Despite the progress made in creating more humanized rodents to produce more predictive disease models, the differences in physiology and metabolism in particular have raised concern about the relevancy of data obtained from some rodent models. Noticeably, the metabolic regulatory pathways governing the biosynthesis of cholesterol and bile acids in the liver are not entirely conserved between primates and rodents. In humans, one of the major risk factors for the development of atherosclerosis...

SARSCoV Protease

Severe acute respiratory syndrome (SARS) is a respiratory illness that had a widespread dramatic outbreak in Asia, North America, and Europe in early 2003 (Lee et al., 2003). Evidence indicates that a previously unrecognized coronavirus exists, called SARS coronavirus, which is the leading hypothesis for the cause of SARS (Rota et al., 2003). It was known that the cleavage process of the SARS-CoV polyproteins by a special proteinase, the so-called SARS coronavirus 3C-like proteinase (CoV Mpro),...

Excitotoxicity

18.2.1 Definition and Clinical Relevance The ability of the nervous system to rapidly convey sensory information and complex motor commands from one part of the body to another, and to form thoughts and memories, is largely dependent on a single powerful excitatory neurotransmitter, glutamate. There are other excitatory neurotransmitters in the brain, but glutamate is the most common and widely distributed. Most neurons (and also glia) contain high concentrations of glutamate ( 10 mM) (Lipton...

Introduction

Neurologic diseases are among the leading causes of death, disability, and economic expense in the world. For example, Alzheimer's disease (AD) ranks fourth as a cause of mortality in the United States. In fact, it has been estimated that as the population continues to age, treatment of patients with dementia will consume our entire gross national product by the latter decades of this century. Excitotoxic cell death, also termed excitotoxicity, is thought to contribute to neuronal cell injury...

Conclusions And Future Prospects

Because of the complicated mechanisms of neruodegenerative disease, there are still few available clinical therapeutants for these diseases' treatment. All available drugs for the treatment of frequently occurring neurodegenerative disorders such as Alzheimer's and Parkinson's diseases only alleviate symptoms and delay the neuronal atrophy by compensating or increasing impairments of the neurotransmit-ter metabolism (Brodaty, 1999 Grunblatt et al., 2000). Growth factors such as BDNF, GDNF, NGF,...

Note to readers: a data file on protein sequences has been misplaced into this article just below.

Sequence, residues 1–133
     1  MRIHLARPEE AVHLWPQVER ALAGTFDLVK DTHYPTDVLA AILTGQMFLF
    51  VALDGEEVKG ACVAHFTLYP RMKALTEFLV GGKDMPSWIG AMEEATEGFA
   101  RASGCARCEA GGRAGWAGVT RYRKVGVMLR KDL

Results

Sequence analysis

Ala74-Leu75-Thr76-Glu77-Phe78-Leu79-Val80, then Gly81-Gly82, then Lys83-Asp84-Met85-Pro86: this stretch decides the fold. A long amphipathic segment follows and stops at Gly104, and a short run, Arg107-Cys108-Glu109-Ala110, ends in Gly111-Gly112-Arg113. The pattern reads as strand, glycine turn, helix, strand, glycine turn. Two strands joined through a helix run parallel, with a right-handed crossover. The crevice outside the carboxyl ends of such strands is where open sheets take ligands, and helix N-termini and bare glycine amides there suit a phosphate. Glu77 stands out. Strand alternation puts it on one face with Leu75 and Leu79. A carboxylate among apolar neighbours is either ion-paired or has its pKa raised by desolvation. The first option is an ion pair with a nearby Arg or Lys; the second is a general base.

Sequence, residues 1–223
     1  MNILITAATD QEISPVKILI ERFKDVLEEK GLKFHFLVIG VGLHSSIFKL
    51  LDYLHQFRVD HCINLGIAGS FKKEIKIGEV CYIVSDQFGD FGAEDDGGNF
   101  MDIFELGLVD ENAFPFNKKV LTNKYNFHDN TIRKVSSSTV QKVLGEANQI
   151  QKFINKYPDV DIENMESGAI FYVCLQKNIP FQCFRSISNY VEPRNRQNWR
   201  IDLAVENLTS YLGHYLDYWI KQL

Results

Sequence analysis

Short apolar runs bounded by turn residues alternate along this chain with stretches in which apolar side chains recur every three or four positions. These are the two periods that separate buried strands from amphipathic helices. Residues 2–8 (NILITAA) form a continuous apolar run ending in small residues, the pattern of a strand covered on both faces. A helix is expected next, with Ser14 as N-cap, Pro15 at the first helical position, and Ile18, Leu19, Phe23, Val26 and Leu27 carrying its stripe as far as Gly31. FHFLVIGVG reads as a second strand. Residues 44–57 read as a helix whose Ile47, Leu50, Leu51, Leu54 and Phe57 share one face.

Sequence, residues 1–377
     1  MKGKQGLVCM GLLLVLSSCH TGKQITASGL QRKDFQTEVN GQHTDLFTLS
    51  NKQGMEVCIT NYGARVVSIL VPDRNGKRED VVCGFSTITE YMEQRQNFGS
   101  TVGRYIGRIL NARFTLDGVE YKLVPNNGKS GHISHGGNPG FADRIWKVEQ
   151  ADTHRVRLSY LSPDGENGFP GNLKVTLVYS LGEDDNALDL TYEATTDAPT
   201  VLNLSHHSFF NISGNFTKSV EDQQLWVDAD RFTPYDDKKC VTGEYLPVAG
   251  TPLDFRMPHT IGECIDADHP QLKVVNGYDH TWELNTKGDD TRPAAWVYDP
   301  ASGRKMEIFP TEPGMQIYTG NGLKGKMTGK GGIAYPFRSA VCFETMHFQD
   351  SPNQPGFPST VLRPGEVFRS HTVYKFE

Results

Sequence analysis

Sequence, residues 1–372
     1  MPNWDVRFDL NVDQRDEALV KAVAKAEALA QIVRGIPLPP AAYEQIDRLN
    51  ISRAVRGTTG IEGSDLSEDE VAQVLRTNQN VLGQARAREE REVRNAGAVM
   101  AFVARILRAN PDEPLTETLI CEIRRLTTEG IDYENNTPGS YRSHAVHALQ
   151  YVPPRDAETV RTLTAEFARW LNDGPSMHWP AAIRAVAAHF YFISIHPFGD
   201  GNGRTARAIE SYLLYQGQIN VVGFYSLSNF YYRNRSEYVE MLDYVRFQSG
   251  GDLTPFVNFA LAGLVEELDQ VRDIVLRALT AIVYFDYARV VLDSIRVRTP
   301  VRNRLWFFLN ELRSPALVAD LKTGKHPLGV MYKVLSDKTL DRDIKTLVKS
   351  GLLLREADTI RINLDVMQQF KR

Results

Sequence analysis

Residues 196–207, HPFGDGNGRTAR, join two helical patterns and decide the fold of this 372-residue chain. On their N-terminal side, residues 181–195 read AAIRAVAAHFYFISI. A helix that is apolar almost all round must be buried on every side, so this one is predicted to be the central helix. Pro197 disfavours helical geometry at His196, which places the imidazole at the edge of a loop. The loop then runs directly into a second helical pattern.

Nonimmunosuppressant Neuroimmunophilin Ligands

As mentioned above, the best way to treat neurodegenerative disease is by using small organic molecular NGF-like compounds. Neuroimmunophilin ligands seem to be the best choice at present. However, the unwanted immunosuppressive response limits their clinical application. It invokes the research of neuroimmunophilin ligands, which satisfies the demand of neurodisorder disease treatment without immunosup-pressive activity. Design and synthesis of low-molecular-mass, monofunctional FKBP ligands...

Memantine Binding

Figure 18.4 Paradoxically, a fixed dose of memantine (i.e., 6 pM) blocks the effect of increasing concentrations of NMDA to a greater degree than lower concentrations of NMDA. This finding is characteristic of an uncompetitive antagonist. within the effective range of its NMDA-antagonistic action (K pM) but is below the effective level of memantine at any other known receptor or ligand-gated channel (Chen et al. 1992, but see below). The antagonistic action of memantine on NMDARs is therefore...

QSAR and Recursive Partitioning

Quantitative structure-activity relationship QSAR methods were some of the earliest developed to predict drug activity, where a relationship was found between drug activity and hydrophobicity as measured by log P Hansch et al., 1986 . The same methods have also been used to predict other properties, such as those associated with ADME Tox, where the term used is quantitative structure-property relationships QSPR Grover et al., 2000a, 2000b . The essence of all the methods is to derive a...

Protein Kinase

Epidermal Growth Factor Receptor EGFR EGFR is a member of the protein tyrosine kinase family and is frequently overexpressed in cancer cells, correlating with poor prognosis and survival Normanno et al., 2005 . EGFR therefore represents a rational target for the development of novel anticancer therapies. Inhibition of the EGFR tyrosine kinase activity by small molecules has proved to be effective for the treatment of cancer Shawver et al., 2002 . Cavasotto et al. 2006 used the X-ray crystal...

Application of SMMChemokines to Probe Signaling Pathways Involved in HIVAssociated Dementia

Jnk Pathway Antiviral